Can you pour epoxy over cured epoxy?
Can I put another coat of epoxy over cured epoxy? Yes. Since the epoxy has cured a chemical bond is not possible so what is called a mechanical bond is needed. This simply means that the cured epoxy has to be lightly sanded before the next coat is applied: the first coat should have a matt, almost white, surface.
Why is my epoxy not sticking to my cup?
Mixing ratios can greatly affect how your piece will cure. If the mixing ratio is off or not completely mixed properly, this can cause the resin to remain tacky, or have soft spots. To ensure that you have the proper mixing ratios measured in measuring cups, and to ensure that you are mixing by volume.
Why would epoxy resin get hot?
When you mix Part A (resin) and Part B (hardener) together new chemical bonds begin to form causing an epoxy exothermic reaction. Energy is released in the form of heat as the mixture catalyzes.
Why did my epoxy resin get hot?
The main reason that epoxy gets so hot is due to the exotherm during the curing process. When base epoxy resin and the hardener (curing agent) are mixed, there is a chemical reaction that causes them to heat up.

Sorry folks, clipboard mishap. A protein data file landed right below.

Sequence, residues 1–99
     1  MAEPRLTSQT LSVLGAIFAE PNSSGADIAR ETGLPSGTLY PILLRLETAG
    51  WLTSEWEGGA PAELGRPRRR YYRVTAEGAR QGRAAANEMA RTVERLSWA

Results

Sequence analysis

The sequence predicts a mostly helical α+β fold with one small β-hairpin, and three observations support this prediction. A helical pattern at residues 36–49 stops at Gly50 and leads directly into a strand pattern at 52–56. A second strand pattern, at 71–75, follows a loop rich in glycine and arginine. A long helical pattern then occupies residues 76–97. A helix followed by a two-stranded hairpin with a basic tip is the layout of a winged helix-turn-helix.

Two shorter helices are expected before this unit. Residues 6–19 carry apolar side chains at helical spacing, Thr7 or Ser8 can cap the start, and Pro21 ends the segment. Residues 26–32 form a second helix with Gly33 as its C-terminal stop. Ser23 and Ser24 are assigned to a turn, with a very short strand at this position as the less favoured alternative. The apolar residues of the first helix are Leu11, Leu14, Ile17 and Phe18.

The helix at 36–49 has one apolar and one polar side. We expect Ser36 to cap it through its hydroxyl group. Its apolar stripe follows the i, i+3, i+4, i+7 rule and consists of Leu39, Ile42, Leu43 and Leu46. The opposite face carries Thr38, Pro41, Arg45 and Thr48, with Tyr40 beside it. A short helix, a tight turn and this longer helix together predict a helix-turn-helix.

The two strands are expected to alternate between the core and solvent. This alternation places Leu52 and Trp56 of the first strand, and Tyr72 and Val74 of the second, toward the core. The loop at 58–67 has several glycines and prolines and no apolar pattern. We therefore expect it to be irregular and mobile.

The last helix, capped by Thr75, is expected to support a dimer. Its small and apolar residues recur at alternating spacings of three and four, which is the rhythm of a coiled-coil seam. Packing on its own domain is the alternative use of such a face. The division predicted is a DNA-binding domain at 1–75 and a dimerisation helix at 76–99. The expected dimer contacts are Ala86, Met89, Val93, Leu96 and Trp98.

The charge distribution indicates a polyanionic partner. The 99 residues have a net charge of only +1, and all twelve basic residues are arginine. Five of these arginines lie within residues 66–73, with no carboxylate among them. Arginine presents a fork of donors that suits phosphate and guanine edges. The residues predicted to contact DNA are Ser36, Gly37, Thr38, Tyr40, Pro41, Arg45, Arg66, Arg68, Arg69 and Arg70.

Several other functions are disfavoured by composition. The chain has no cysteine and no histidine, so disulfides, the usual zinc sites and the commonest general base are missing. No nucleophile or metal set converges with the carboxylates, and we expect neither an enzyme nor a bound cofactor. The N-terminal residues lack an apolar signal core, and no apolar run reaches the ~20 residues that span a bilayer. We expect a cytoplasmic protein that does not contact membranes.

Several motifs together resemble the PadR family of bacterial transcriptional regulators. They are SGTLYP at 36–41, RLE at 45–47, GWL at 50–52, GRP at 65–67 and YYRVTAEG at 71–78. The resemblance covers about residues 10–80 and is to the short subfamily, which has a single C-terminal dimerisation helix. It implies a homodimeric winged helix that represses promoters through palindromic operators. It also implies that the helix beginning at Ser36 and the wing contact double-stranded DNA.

Should you sand between coats of epoxy?
Sanding will not only get out the imperfection but will also serve to provide some tooth between the first and second layers. It will look very scuffed in the short term but do not worry, once you pour the second coat over top, all of those sanding marks will disappear.
Can you put polyurethane over epoxy?
Both oil-based and water-based polyurethane can be applied over epoxy, although oil-based polyurethane may leave an amber hue (while water-based will be more clear). To ensure proper application, be sure that the epoxy has completely sealed/hardened, and sand first to allow for a mechanical bond.
How do you get bubbles out of epoxy after it dries?
Yes, you CAN get rid of bubbles after your resin has dried! Simply sand down the entire surface of your piece, making sure you pay special attention to the areas with bubbles. Wipe away all the sanding residue with a damp paper towel. Apply a fresh coat of carefully measured and mixed ArtResin epoxy resin.
Can you over mix epoxy resin?
If you mix too vigorously, you can trap air and introduce bubbles. If you’re overly enthusiastic, you’ll get a “foamy” epoxy that looks like whipped cream. Note that a few bubbles will appear in properly mixed epoxy.
What happens if you use too much hardener in epoxy?
Too much or too little hardener will affect the cure time and thoroughness of the cure. A. Remove the uncured epoxy. Do not apply additional material over non-curing epoxy.
What happens if you pour epoxy too thick?
If your epoxy pour is too thick, the reaction can create too much heat, resulting in a product that does not cure properly with cracks or excessive bubbles. The rule of thumb is if you can make an imprint with your fingernail in the epoxy you can pour again and the epoxy will chemically bond to the previous layer.